Offence: Breaking Peace > wounding
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320. William Archer , was indicted, for that he with a certain gun loaded with powder and shot, wilfully, feloniously and of malice aforethought, did shoot off at Anthony Higgins , with an Intent the said Anthony to kill or murder , March 3 .
Anthony Higgins . I live in Whitecross-street ; I am a butcher , and have known the prisoner these ten years, and he dwells almost opposite to me. On the third of March, I was standing at my door, looking on my meat ; and about the hour of six in the evening, all of a sudden, I thought my head was taken from my body. I heard the report of a gun, but did not see who shot. A surgeon was fetch'd, and above 100 shot were taken from my head and neck behind; (He shewed the part, which looked much like a person recovered from the small-pox, and his hat also which could not have less than a hundred holes in it, as it appeared by holding it to the light) I was about eight days under the surgeon's hands, but if I now walk or drink much, or do any thing hastily, it puts me in very great pain. Here are some of the shot taken out of my flesh. (They were the third size.)
Being cross examined, he said, he heard no words between them before; he had heard the Prisoner had been cut of his senses sometimes, once tied down in bea. He saw the Prisoner's Wife at the door without, that he had followed the trade of a butcher twenty years, that he once saw him about seven years ago in the street naked, which he thought had the appearance of madness, &c.
Mr. Wood. I live facing Mr. Higgins, next door but one to the Prisoner, I heard the report, but did not see the gun ; I saw Mr. Higgins clap his anos to his head, saying, he was a dead man, that rogue Archer had killed him. Mr. Higgins's back was towards me, I was looking on him. I went to his house and staid about 5 minutes, then I crossed to my own shop, the Prisoner came out and said, D - n his eyes he had hit his mark, d - n my eyes I never missed it. The same day, about three o'clock, I heard him say to several people, there's Higgins an informer, d - n his eyes, but Mr. Higgins said nothing to him. He said he had known the Prisoner twelve years.
On his cross examination he said, he believed the Prisoner was about nine years ago out of his senses, in a violent fever; but he never heard he had been so since that time; that there was a bill found against him that day he shot Mr. Higgins, for selling meat on a Sunday.
Mr. Deane. I was passing by the door at the same time, being three or four yards, by Archer's door, when the piece went off; upon the noise I turned back to look, and saw Mr. Higgins clap his two hands to the sides of his head, and went into his shop. I heard Archer say, never fear but I hit my mark, and d - n my eyes I am not sorry for what I have done : He turned about and said, here I am I'll surrender myself to any body. I live in the neighbourhood, and never heard he was out of his senses before.
Thomas Steel . I am a barber, I have known the Prisoner about 8 or 10 years, the day this misfortune happened I was going by his door, he put out his head, and said, Master, I am indicted, in a seeming extasy, for selling meat on the sabbath-day, that villian Higgins has done it; said I, you may be misinformed, I'll be d - n'd said he, if I don't tip it him before night; when in liquor he used to be a very passionate creature, but when sober, very quiet. I took this to be only words. I heard the gun go off about 3-qrs. of an hour after. I was sent for to shave Mr. Higgins, his hair on his head was about three or four inches long, which I take to be of service to him at that time: The blood spouted out as water does through a cuilender. I had much ado to shave his head. I then did not think he could exhist.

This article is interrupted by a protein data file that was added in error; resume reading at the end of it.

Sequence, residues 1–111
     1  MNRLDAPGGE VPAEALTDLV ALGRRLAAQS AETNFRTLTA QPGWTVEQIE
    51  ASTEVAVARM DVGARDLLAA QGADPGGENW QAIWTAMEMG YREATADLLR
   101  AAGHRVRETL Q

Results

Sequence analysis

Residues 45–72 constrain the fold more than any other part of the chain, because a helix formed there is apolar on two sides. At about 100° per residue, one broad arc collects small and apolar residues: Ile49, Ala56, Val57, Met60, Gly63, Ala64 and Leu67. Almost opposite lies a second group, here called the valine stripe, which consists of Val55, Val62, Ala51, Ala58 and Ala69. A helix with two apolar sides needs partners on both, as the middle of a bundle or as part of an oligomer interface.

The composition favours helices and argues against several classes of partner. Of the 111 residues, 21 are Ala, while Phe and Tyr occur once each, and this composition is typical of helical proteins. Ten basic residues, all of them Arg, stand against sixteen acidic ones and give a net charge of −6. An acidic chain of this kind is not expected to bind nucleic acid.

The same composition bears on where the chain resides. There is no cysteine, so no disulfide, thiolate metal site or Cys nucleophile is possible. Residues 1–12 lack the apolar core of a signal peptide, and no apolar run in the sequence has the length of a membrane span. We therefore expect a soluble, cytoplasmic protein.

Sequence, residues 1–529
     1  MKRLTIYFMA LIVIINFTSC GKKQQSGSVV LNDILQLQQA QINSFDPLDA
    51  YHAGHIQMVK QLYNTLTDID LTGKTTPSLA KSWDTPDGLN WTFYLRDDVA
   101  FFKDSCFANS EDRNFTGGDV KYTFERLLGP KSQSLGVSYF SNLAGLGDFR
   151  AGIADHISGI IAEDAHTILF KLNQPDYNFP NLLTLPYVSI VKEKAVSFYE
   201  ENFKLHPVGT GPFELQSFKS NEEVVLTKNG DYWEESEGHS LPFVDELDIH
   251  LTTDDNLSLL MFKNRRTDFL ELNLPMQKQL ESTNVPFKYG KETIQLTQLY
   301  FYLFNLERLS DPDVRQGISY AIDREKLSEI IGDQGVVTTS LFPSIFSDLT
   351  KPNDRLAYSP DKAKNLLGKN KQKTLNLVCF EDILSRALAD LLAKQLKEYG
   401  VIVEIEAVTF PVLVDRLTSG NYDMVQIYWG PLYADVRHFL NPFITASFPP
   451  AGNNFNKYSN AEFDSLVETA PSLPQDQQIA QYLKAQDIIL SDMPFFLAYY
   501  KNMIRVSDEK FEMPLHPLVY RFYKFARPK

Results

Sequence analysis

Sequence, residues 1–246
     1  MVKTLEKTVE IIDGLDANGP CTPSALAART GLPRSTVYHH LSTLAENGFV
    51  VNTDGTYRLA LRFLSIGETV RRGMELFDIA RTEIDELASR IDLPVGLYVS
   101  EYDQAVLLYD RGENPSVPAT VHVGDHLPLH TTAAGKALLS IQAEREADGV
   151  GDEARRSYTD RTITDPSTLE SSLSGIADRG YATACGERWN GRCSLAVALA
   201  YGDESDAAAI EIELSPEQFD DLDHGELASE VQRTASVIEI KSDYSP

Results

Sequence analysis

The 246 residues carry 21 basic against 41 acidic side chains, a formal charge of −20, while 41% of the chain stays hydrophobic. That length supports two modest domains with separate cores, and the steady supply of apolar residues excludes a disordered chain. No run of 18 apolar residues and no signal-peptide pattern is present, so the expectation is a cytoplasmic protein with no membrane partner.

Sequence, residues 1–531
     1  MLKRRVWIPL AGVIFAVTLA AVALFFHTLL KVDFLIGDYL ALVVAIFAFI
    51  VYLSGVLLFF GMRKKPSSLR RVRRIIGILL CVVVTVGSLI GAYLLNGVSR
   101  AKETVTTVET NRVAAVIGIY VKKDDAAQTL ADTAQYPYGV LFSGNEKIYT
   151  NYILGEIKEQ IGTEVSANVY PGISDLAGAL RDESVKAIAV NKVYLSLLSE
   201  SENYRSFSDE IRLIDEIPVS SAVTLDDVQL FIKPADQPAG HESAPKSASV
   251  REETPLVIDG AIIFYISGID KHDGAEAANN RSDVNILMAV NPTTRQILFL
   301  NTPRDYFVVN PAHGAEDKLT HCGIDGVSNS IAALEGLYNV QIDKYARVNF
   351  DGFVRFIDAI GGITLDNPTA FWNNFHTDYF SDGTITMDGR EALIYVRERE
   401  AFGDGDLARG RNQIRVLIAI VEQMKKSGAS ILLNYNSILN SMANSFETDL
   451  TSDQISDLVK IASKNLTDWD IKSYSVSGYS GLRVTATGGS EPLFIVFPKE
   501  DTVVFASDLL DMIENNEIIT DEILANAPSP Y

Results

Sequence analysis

On his cross examination, he said he could not tell whether he was in liquor, or not, when he spoke to him; that he should never have looked upon the Prisoner to be a madman.
Sarah Smart . I keep a chandler's shop; on that day in the afternoon the Prisoner came to my shop, and bought an ounce of the best gun-powder, and half a pound of shot, that which was pretty large, it was No. 3.
Mrs. Ketly. I live just by the Prisoner, I went out to see two boys fighting. I saw a gun pointed out of Mr. Archer's Window, after he had shot off, I heard him say, I never aimed at a mark but I always hit it, d - n my Eyes: His wife said, now you have done, you have been all the week upon it; he said, when he came out at the back door, I hope I have killed the son of a bitch; and added, had he killed another he should have had his satisfaction.
Q. Did he appear to be srantick ?
Kelley. No, he did not.
Mr. Wells. I am an apothecary, I once attended the Prisoner, it is now ten years since; Dr. Barrowby was his physician, he was several days and nights bound down in his bed with a madman's waistcoat, but in about a fortnight's time he was restored to his senses; I have never seen or heard of him from that time, till he was taken into custody.
Q. Did this madness arise from a fever?
Wells. It was a high fever.
For the Prisoner.
Elizabeth Metherington . I have known the Prisoner 16 or 17 years. I dressed six blisters for him when he was under Dr. Barrowby's hands, about this time twelve years ago ; Dr. Barrowby said, at times he would be so.
William Dring . I have known the Prisoner five years; several times, within that time, he has been out of his senses; about a year ago he was; I went to see him, I talked to him, he fell a raving and swearing, saying, I'll make a hole big enough, laying hold of the chimney, saying, Jack, come through, come thro', he was thus for several days.
Sarah Privinix . I was nurse in the house when any thing ailed him; he was so mad about nine years ago, he was corded down in his bed, and I have known him to be as mad as any man in Bedlam, three times within this Twelvemonth.
Guilty , Death .